Enter your email address to subscribe to this blog and receive notifications of new posts by email.


A Bouquet of Paintbrushes

posted Wednesday October 13th, 2010

“Sophie Day” peaked — then plummeted — when we arrived at the mall late this afternoon. We entered through Anthropologie, which happens to be a personal favorite of mine, and which is conveniently located near Lush, our ultimate bath bomb-destination.

Sophie found the one item actually not for sale in the home furnishings/clothing/accessories mecca: an artfully displayed pot of paint-splattered paintbrushes.

For a few minutes she played happily with them, allowing Annabelle and me to ooh and ahh over wool hats and teeny tiny rose shaped measuring cups. Then I noticed Sophie having a heated conversation with a saleslady, who was trying to explain that no, the paintbrushes were not for sale.

Uh oh. It didn’t matter that we have dozens of paintbrushes at home, that I had several in my purse and even an emergency pack in the glove compartment of my car. (And yes, I get how ridiculous the paintbrush obsession is.) Sophie threw herself and these particular paintbrushes down on the funky, distressed wood floor and sobbed. It took a good 15 minutes of coaxing by both Annabelle and me before she’d even lift her head.

By that point, I was exhausted. We were late to meet my parents for dinner and I hadn’t started packing for Portland — too busy celebrating Sophie Day, naturally. The day began with a play date with a friend from school, followed by a three-plus hour marathon at Chuck E. Cheese with two more friends, ice cream sandwiches and a LOT of tokens.

Then it was off to the mall, with a pit stop at home to change (filthy — thanks, Chuck E.) clothes.

It wasn’t what we did all day that got me so tired — more what Sophie did each time we had a transition. (Including the transition from home to her favorite place on earth — CEC.) She just absolutely refused to leave whatever we were doing. No matter how much I begged, cajoled, yelled and threatened. She went dead weight on me when I tried to pick her up. It usually took Annabelle to finally convince her to budge.

I stood in the middle of Anthropologie and watched Annabelle patiently whisper who-knows-what into Sophie’s tear-filled ear and thought (but did not say!), “Annabelle, we deserve a vacation, you and me.”

And so we will go, way too early tomorrow morning. (What was I thinking, booking a flight before 9 a.m.?) I’m dreading the goodbyes. They’ve already started. Tonight Sophie stood dripping on the bathmat, a cornflower blue towel wrapped toga-style (sort of) around her, and stared at me, her eyes getting redder and redder.

“Don’t go, Mommy,” she said.

“Oh Sophie,” I answered, scooping her up and helping her into her Dora nightie. “I’ll be back soon.”

She looked at me and sniffled bravely. (Crap, is she getting a cold?!)

I snuck into bed with her a little while later, to “cuddle to sleep.”

“Let’s talk,” she said, snuggling against me.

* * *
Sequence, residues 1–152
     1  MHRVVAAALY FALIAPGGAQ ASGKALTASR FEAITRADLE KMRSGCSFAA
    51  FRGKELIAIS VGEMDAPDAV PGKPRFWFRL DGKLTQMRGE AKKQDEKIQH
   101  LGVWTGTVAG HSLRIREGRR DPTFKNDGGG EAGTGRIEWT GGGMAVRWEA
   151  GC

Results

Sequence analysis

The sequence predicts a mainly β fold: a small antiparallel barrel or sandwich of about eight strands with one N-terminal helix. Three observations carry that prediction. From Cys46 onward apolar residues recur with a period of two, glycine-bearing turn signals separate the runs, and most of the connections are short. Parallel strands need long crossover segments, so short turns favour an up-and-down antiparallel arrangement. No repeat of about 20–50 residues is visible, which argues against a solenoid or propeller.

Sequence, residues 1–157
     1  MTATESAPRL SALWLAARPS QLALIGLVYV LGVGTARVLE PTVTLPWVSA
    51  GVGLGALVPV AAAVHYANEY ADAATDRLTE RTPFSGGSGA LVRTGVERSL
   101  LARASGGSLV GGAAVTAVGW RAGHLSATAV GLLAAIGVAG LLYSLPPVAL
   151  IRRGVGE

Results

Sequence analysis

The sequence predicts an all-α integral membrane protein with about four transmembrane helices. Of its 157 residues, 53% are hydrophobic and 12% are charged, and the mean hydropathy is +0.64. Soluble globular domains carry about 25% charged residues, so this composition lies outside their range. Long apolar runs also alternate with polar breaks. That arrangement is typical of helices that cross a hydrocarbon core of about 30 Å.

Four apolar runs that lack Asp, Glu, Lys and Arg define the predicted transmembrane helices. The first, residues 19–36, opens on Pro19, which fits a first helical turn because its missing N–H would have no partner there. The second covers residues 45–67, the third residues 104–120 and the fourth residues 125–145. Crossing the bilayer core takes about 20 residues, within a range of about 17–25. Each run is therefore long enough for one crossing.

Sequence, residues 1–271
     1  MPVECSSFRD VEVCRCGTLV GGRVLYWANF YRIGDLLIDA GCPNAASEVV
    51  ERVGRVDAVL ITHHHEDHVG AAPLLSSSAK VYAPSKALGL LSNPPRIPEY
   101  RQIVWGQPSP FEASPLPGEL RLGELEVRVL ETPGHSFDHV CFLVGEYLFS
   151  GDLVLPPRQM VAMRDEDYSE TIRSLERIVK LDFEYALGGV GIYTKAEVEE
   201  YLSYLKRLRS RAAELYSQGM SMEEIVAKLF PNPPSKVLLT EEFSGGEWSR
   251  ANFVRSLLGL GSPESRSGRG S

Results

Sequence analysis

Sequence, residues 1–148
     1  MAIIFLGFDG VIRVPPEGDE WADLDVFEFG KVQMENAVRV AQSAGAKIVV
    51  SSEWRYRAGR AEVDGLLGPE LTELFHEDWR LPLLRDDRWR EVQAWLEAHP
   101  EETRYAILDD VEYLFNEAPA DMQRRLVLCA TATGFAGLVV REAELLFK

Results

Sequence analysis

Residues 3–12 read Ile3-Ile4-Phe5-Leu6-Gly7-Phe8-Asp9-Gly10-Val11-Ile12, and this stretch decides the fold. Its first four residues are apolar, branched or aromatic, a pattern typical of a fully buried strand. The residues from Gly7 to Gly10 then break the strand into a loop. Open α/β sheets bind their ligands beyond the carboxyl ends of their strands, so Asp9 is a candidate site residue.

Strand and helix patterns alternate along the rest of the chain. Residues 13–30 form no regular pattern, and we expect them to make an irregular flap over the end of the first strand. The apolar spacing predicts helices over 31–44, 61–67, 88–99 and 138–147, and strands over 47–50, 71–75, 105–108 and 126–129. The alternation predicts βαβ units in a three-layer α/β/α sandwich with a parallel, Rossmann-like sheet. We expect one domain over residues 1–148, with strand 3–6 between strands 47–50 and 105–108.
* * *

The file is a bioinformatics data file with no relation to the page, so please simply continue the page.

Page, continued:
We chatted for a while, then I sang our traditional “Hey Jude,” and we both closed our eyes. I opened mine and watched her for a while. Sophie fell asleep holding my hand, the rest of her body slowly relaxing but the grip on my fingers just as tight as when she grabbed them.

I noticed that loose bottom tooth practically wiggling in the breeze and made a mental note to write the tooth fairy letter before I leave, and thought for a while about all the other stuff I better not forget to do before tomorrow at dawn.

Then I laid there for a little longer and thought about Sophie. I’ll miss her just as much as she misses me this weekend — maybe more — in a way I never thought it would be possible to miss someone, particularly (to be brutally honest) a “someone” like Sophie.

Life is funny that way, isn’t it? Sweet dreams, everyone! See you next week. I’m off to Portland to look for the biggest bouquet of paintbushes I can find.

Did you enjoy this article?
Share the love
Get updates!
Tags: Filed under: Down syndrome, family, travel by Amysilverman

4 Responses to “A Bouquet of Paintbrushes”

  1. Awww. Sophie. Isn’t it great when the kids go to sleep!She can come visit me anytime.
    Kayli can be troubled a bit by transitions. It must be hard with two kids but I’m going to post on how I handle things.
    Have a great time.

  2. woo hoo! Have a great trip!

    It’s so funny when you mention Sophie going dead weight. Johanna does the exact same thing too. I was hoping she’s outgrow it but maybe not!

  3. YES.
    Just, YES to everything you said (shock).
    What the H is it about transitions? It’s come to the point where I actually have said to Leo, “you know what? we’re not going to do anything fun anymore because you make it not fun by not wanting to leave!!!”
    I know, #1 Mom here.
    Is it a maturity thing? The fact that they just don’t want to give up something that feels good? It is baffling and SO frustrating. I have been the mom at the mall (or the bookstore, or the coffee shop–just fill in the blank) carrying out the kicking and screaming kid (and I have tried, believe me I have tried, to reason with him. Once in a great while it will work but most often, not).
    Many times, I end up in tears too. It’s awesome.
    Now I am off to read Starrlife’s advice because dammit I NEED it.
    Oh and I also want to add that I am glad you had some sweet, peaceful moments with Sophie before you left. Those are the moments to cling to, not the mall moments.
    BIYB again.
    Have a wonderful trip!!!

  4. hallie: i have a bad feeling that the dead weight thing never does end…. not with my parenting skills, anyway!

Leave a Reply

My Heart Can't Even Believe It: A Story of Science, Love, and Down Syndrome is available from Amazon and 
Changing Hands Bookstore
. For information about readings and other events, click here.


All content ©Amy Silverman | Site design & integration by New Amsterdam Consulting